A fast stroke rate can often be used to mask balance issues, and slowing the stroke rate down may show you where you need to work on balance.

Last edited by Danny : 10-22-2017 at 03:08 AM.
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  #7  
Old 10-22-2017
WFEGb WFEGb is offline
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Hello donkep,

this time I'd suggest a little bit other way than Danny does. Well, you're in a TI-Forum, so I'm really sure you should try to go the TI-way to stroke reduction. This means, reducing your stroke count is more a side effect or a data to help you than goal or focal point by itself. Although you're an experienced swimmer with a pace one or the other here are striving for, you should step the TI-way accepting (or at least giving it a try) our BSP-pyramid.

- First work on your BALANCE with drills such as Torpedo, Superman, Skate

- Then go on and work on your passive and active STREAMLINE. Take your (new?) balance skills and remove all unnecessary motions in your stroke, work especially on your spear and recovery to hold your balance and.

- And very last if you're able to hold balance and streamline in your stroke do some thoughts about Propulison. But if your patiently enough to reach here I'm sure your stroke count will be already down to 18SPL.

Think the tips you've got before my post are all OK, but if you'll lose or don't get to work on the above foundations they'll result more in a bit "cheating".

In his Effortless Endurance course Terry explains the TI-way (and much more around TI) in tiny steps. And from my point of view it's much more worth than you'll have to pay for it.

And if any questions will pop up, don't hesitate and ask them here, you'll get some help.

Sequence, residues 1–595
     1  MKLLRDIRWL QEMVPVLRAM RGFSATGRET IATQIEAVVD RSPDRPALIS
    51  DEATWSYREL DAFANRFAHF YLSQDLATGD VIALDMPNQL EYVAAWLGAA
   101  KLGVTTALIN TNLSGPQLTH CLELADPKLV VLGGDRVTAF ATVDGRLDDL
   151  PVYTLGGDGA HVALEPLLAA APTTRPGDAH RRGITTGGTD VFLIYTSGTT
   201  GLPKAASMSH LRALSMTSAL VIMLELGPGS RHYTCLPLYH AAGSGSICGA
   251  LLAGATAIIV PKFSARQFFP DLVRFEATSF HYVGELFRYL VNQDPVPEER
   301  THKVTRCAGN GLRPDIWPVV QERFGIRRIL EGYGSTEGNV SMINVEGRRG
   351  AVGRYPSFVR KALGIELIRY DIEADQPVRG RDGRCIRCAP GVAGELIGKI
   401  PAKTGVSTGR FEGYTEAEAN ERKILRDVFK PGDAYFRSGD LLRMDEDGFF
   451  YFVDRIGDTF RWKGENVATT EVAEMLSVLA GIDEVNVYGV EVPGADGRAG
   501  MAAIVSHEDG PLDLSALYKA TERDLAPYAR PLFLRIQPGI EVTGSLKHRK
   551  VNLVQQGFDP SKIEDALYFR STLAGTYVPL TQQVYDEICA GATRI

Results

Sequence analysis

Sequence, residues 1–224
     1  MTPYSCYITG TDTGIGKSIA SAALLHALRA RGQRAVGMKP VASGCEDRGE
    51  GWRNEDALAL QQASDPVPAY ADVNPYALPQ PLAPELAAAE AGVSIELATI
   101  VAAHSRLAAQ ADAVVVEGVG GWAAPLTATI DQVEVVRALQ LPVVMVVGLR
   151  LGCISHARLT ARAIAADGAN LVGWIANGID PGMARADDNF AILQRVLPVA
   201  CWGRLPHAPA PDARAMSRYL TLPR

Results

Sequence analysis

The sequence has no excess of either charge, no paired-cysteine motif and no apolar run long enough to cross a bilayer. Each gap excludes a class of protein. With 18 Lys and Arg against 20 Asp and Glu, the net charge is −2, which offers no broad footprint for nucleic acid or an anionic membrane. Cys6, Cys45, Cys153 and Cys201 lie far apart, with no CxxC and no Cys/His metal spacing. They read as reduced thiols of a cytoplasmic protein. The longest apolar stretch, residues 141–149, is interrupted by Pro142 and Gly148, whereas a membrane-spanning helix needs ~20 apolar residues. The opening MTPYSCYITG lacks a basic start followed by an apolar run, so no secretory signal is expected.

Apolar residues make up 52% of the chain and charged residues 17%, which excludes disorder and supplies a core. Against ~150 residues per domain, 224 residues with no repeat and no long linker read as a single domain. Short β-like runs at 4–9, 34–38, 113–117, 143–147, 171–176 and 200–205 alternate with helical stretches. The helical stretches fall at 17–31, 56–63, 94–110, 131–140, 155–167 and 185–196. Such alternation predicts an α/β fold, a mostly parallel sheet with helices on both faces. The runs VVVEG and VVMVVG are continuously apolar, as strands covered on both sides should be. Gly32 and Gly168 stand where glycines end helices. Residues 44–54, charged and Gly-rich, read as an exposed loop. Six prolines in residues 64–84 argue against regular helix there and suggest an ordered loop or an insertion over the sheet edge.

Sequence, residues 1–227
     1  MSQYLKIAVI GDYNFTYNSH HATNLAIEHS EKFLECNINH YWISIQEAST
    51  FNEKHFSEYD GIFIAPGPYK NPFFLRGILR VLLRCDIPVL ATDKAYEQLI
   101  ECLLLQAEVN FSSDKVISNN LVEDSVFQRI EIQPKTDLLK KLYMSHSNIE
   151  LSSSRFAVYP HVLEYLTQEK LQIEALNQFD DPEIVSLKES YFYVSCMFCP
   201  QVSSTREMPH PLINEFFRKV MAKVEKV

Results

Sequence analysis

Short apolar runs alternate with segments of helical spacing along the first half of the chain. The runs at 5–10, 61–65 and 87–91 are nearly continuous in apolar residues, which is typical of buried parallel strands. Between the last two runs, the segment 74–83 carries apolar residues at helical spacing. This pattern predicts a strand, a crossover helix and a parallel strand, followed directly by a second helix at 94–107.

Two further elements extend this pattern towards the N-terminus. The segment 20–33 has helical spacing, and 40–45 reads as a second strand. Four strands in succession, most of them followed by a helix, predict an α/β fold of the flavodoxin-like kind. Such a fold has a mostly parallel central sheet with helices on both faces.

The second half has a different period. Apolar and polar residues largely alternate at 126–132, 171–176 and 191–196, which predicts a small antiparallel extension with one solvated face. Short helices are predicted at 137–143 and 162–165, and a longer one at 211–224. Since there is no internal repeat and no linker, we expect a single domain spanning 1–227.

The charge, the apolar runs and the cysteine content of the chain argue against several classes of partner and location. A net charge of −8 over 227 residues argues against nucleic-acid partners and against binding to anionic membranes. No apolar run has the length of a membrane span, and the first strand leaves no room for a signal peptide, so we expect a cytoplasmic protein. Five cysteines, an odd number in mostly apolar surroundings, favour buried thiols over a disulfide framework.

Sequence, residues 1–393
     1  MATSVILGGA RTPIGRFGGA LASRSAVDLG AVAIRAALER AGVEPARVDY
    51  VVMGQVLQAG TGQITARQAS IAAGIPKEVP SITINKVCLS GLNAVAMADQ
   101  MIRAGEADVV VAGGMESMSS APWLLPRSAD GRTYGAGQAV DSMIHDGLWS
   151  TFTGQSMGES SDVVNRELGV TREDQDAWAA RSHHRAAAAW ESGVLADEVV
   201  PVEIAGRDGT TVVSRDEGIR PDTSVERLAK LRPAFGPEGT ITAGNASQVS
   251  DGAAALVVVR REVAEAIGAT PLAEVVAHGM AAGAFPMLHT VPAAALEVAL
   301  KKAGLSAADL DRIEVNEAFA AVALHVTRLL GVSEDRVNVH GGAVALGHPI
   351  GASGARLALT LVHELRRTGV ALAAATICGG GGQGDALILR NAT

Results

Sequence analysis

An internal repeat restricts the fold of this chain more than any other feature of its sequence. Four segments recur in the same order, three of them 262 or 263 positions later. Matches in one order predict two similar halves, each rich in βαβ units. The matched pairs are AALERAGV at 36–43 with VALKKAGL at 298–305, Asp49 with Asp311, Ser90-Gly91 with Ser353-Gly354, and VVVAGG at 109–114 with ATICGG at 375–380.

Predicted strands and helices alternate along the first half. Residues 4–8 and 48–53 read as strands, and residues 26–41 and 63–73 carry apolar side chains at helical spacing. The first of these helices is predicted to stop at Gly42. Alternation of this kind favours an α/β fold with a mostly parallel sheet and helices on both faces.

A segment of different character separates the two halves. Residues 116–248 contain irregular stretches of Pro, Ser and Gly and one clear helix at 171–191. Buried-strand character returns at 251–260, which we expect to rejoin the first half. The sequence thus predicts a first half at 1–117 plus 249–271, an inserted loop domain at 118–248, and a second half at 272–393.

If you are skeptical do the following. If you go to pool next two weeks, take the time and start after warming up with five lengths Torpedo and five lengths Superman-glides and try to take the weightless (head especially and most important) feelings of these drills into your following laps. I'm sure youre SC will drop for 1-2SPL in your first lengths at least...

Best regards,
Werner

PS: Just had a look on the chart. Youre Green Zone for 25y is 15-19SPL, so your strived 18SPL are exactly right...

Last edited by WFEGb : 10-22-2017 at 07:19 AM. Reason: Addition
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  #8  
Old 10-22-2017
Danny Danny is offline
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Hi Werner,

One of the things Terry has said that I had trouble understanding was that one can control the SPL and use it the way a bicyclist uses different gears. What left me puzzled in all of this was exactly HOW does one control the SPL one is using? The best answer to this question that I have found is to control the amount of catch-up in my stroke. The more catch-up, the lower my SPL. Do you know of any other ways (Other than better streamlining and improved technique)?